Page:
Netherlands could lure unemployed in France, Spain to resolve labor shortage
Minister Karien van Gennip of Social Affairs and Employment likes the idea of luring unemployed young people from France or Spain to work in the Netherlands, which is facing staff shortages in almost every sector. Migrant workers form a big part of the Dutch economy, she said in an interview with the newspaper AD. "I can't imagine that we can run the economy without them."
"There is a really high youth unemployment rate in France, especially in the suburbs. I could imagine that we invest in those French or Spanish school-leavers to let them work here in the hospitality industry or horticulture," Van Gennip said. But she added that her first focus is on the "one million Dutch people who are still on the sidelines" looking for work or wanting to work more.
Rits de Boer of the Inspectorate for Social Affairs and Employment recently suggested halting the arrival of migrant workers while the authorities tackle the abuses surrounding them. The Inspectorate investigates reports of dozens of migrant workers sleeping in small rooms tucked away in bunk beds. Or construction workers who do everything on-site - cooking, eating, sleeping, working. Or Ukrainian refugees facing massive fines if they complain about their working conditions in Westland greenhouses.
Van Gennip agrees that abuses must be tackled, but the Dutch economy would not function without migrant workers, she said. "We have about half a million labor migrants in the Netherlands, 800,000 to 900,000 throughout the year, because not everyone stays here all year round. There are many, that's true. But our economy also runs to a large extent on labor migrants. You can no longer see the Netherlands separate from them."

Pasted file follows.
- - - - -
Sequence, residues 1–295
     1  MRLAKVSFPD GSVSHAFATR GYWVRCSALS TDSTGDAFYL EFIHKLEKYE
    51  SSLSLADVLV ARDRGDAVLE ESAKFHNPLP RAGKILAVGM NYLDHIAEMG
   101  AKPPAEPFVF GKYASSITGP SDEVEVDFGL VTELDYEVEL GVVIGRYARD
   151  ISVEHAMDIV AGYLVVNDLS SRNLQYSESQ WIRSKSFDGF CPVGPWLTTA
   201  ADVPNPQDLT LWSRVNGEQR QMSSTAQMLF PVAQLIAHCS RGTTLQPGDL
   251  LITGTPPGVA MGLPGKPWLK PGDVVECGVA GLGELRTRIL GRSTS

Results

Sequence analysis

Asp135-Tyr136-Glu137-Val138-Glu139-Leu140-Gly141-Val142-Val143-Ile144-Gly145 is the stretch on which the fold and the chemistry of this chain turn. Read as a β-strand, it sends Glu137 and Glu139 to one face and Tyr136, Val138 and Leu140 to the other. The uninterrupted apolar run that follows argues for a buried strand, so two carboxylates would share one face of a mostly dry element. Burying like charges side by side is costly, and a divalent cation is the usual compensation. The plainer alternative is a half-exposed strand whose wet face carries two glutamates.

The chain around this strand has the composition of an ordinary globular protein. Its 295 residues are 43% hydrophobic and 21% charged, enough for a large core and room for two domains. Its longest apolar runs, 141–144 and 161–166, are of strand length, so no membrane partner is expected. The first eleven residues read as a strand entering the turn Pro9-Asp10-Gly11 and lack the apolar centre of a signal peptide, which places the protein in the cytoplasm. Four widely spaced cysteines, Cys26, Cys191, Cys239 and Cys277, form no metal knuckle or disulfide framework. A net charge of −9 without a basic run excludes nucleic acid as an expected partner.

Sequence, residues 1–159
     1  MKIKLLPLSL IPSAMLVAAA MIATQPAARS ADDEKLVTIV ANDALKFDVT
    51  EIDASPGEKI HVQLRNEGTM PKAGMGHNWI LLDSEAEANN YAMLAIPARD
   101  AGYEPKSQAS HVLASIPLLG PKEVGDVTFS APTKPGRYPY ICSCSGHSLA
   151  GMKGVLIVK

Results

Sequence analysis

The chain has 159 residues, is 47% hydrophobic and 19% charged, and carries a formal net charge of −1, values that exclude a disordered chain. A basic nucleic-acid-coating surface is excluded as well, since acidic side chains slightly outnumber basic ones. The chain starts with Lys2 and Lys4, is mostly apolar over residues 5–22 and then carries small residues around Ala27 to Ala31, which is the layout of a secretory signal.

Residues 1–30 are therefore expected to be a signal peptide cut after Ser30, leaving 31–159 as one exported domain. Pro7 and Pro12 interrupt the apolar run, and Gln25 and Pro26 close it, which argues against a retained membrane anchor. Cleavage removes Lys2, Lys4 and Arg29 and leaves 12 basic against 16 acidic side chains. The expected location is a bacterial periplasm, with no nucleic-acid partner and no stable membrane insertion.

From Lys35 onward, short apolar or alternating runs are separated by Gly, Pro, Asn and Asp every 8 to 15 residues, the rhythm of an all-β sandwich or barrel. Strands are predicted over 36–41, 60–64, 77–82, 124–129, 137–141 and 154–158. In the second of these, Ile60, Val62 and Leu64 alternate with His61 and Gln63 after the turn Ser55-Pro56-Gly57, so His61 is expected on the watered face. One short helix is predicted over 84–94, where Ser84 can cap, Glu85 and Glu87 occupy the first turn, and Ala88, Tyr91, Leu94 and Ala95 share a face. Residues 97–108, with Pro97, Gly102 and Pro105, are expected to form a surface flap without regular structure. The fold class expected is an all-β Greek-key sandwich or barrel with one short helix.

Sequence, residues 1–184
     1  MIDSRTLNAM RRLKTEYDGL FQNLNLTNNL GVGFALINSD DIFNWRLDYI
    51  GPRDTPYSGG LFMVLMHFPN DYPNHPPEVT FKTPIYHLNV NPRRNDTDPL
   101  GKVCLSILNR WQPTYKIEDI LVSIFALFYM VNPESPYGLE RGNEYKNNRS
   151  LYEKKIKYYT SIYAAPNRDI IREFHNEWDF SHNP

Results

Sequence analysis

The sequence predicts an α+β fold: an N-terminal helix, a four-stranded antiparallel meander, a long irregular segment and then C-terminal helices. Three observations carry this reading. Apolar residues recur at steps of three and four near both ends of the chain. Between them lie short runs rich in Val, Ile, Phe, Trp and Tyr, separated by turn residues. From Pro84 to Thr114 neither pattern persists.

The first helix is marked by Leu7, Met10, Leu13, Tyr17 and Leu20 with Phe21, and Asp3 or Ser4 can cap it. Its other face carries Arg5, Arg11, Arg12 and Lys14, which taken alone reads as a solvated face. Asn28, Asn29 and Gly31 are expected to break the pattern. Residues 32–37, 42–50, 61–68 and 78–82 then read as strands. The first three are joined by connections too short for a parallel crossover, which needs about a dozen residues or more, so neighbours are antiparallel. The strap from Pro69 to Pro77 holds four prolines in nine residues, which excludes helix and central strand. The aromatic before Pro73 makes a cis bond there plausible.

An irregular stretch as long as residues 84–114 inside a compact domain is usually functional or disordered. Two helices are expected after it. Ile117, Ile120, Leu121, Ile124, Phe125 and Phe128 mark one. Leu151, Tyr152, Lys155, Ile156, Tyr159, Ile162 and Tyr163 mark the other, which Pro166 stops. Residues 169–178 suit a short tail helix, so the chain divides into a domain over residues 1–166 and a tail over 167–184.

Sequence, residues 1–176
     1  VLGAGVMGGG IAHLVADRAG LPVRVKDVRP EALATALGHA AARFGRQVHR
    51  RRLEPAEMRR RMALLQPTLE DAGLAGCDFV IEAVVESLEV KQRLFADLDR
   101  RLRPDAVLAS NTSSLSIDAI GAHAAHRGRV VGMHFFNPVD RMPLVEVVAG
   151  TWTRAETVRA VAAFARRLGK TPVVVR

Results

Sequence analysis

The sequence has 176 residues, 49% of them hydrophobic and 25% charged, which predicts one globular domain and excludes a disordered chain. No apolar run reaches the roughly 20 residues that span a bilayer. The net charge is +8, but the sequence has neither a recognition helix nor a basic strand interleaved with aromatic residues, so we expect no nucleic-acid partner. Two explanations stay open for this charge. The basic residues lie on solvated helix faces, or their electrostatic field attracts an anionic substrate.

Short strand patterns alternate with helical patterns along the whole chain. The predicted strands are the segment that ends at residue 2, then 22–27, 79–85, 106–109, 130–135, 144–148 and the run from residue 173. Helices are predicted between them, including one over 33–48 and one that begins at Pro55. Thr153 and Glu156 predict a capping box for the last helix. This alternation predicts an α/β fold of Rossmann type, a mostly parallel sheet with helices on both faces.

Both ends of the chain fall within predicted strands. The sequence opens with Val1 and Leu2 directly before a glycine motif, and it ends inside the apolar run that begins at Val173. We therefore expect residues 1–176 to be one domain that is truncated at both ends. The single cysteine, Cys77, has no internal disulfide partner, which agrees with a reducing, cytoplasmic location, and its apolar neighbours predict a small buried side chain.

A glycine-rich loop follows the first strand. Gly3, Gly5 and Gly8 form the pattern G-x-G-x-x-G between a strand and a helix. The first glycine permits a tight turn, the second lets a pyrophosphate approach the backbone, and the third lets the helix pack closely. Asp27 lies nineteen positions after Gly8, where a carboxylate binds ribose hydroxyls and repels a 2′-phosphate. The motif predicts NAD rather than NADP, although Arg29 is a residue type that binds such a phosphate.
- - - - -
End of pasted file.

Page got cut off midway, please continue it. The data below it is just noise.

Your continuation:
Van Gennip is working on multiple laws to tackle abuses, including a law that requires separate contracts for employment and rent. That way, migrant workers don't lose their homes if they leave their job. She also wants employment agencies to have permits before they can work with migrant workers. That law is expected to take effect in 2025.
“Making laws takes a long time. And certainly, a law like this must be good. Because if it leaves room somewhere, people will still look for the loopholes. But my point is: we have to do it right. And I think that is possible,” the Minister said.